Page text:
Thinking Geometrically De-Li Zhao [email protected]
Apr. 22, 2006 The growing impact of geometry on science compels researchers to think geometrically. "Let no one ignorant of geometry enter here", inscribed on Plato's Academy. This motto bespoke the importance of geometry 2300 years ago. When reading it today, scientists can’t help worshiping the foresight and wisdom of the great philosopher, for geometry has been in almost every corner of science. From relativity and quantum computation to signal processing, image processing, and data analysis, geometric ideas and methods are leading the trend of development of scientific algorithms. We are now embracing a new era of thinking geometrically in science. Up to now, geometry is the most appropriate tool to model our world. What is profitable is that researchers can gain some greater insights for emerging fields in science since geometry is a more mature field. Very recently, Nielsen et al. (1) presented a geometric idea concerning quantum computation. By recasting the problem of determining the number of logical gates as a geometric problem, they showed that the number of gates required to synthesize the unitary is essentially equivalent to the minimal geodesic distance between the identity operation and the unitary one. Tightly related to Nielsen’s thinking is the method of geodesic search (2,3) applied for optimization with orthogonality constraints in signal processing. The optimization is performed along geodesics on the manifold formed by the orthogonal group. These two methods, stemming from different fields, share the similarly geometric principle. Actually, the potential applications of geometry in engineer are beyond those considered above. The geometry of Grassman and Stiefel manifolds has been successfully applied for the computations of electronic structures (4) and the representations of digital images (5,6). Abstract geodesics and minimal surfaces play essential roles in image segmentation (7,8). The conformal geometry of surfaces is increasingly of interest in texture mapping (9,10), medical imaging (11), and biometrics (12). However, the geometric viewpoint encounters obstacles in data analysis. In 2000, Tenenbaum et al. (13) and Roweis and Saul (14) proposed the geometric algorithms (Isomap and LLE, respectively) for data analysis. In their frameworks, a common assumption was dropped that data points can be regarded as sampled ones from some 1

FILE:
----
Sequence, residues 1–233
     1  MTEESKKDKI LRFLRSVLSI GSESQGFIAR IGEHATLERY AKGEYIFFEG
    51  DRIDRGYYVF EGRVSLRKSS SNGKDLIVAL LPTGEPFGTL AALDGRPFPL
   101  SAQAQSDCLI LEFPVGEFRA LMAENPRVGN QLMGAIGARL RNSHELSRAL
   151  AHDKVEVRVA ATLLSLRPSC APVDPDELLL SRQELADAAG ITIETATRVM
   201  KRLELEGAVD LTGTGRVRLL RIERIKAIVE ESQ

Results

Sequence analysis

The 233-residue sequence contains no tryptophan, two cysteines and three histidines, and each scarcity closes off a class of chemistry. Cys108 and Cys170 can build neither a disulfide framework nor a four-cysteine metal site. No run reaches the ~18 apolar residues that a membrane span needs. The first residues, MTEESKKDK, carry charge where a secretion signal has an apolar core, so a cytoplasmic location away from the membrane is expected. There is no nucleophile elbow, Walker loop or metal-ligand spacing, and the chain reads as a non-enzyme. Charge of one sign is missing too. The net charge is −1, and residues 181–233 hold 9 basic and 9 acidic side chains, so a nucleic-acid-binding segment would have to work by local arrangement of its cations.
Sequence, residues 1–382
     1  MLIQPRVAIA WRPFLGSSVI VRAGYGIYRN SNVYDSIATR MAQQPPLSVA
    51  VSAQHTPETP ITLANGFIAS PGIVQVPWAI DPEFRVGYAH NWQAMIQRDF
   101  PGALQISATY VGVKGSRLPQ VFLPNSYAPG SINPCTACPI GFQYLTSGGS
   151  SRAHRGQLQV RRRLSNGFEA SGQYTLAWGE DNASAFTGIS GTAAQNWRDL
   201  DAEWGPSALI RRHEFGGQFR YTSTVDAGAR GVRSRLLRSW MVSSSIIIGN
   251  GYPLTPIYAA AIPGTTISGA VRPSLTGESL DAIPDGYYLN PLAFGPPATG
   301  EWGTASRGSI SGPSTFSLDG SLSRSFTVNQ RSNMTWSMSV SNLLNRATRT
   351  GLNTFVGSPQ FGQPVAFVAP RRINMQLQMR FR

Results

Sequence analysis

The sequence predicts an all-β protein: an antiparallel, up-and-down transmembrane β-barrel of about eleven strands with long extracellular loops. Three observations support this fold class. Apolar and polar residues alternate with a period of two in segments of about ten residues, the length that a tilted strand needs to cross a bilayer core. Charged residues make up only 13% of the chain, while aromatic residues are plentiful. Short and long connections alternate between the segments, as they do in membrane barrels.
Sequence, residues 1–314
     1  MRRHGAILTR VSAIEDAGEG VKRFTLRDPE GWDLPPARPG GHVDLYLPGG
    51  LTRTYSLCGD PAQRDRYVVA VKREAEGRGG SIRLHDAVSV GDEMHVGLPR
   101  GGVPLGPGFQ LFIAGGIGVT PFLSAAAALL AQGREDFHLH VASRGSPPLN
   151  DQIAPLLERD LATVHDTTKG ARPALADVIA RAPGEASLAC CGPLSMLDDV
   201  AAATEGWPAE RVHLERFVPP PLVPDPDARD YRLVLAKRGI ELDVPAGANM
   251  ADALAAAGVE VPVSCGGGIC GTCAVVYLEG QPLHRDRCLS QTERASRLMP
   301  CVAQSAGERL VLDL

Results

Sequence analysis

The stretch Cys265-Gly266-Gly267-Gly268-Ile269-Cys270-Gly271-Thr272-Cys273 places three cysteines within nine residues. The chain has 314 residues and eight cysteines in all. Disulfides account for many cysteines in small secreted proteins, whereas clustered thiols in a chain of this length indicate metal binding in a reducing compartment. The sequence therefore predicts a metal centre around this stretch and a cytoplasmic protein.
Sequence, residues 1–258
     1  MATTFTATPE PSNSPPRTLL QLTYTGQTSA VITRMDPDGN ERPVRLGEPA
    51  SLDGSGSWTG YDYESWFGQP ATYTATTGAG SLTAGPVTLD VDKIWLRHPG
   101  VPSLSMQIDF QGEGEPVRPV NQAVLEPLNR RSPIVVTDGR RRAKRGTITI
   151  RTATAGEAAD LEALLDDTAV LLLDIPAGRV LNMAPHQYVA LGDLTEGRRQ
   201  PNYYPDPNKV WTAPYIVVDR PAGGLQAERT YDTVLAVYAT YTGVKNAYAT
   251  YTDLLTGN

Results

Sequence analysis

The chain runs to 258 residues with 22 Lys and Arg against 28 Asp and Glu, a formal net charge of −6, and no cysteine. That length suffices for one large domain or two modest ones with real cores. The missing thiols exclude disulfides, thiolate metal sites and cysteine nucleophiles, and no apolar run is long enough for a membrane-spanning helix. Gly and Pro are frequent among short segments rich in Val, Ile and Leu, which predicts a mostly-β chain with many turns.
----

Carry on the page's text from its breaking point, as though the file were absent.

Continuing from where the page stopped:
underlying data manifold, providing a new viewpoint to data analysis. During the past six years development, fruitful results (15,16) have been achieved. However, critical issues arise as well. First, many researchers still hold the suspicious attitude to the assumption. Second, more attention has been paid to the development of methods themselves; whereas concerns of structures of underlying data manifolds are to a large extent overlooked. The extensive applications and the far-reaching development of the meaningful geometric idea have been narrowed by these two factors. Abstract data manifolds do exist. To enhance their viewpoint, we here exhibit, based on the structural inference from a set of images, the interesting structure of a data manifold. On one hand, the underlying manifold formed by the data set in Fig. 1 A is an open curve (17) since the scaling operation enables one degree of freedom, which can be verified by virtue of two-dimensional representation of it shown in Fig. 1 C1. On the other hand, the data set in Fig. 1 B forms the underlying manifold of a nonnegative spherical sheet (18) because the variation of moduli of each image keeps stable. The spherical sheet is visualized in Fig. 1 C2. By shifting A1, A3, and A5, we obtain three such spherical sheets whose centers are connected by an underlying curve formed in Fig. 1 A. Thus we derive an underlying data manifold whose schematic shape is illustrated in Fig. 1 C3. Note that the interesting manifold can be viewed as the moderate deformation and rotation of the three-sheet Riemann surface (19). Investigating the behavior of the cell from images, we now know that the cell always behaves near an underlying Riemann surface. Besides Riemann surface raised here, clues have been found that Klein bottle plays its role in understanding topographic maps in the cerebral cortex (20) and the topology of Gabor filters (21). These geometric objects are increasingly helpful for researchers to discover what is hidden behind data. A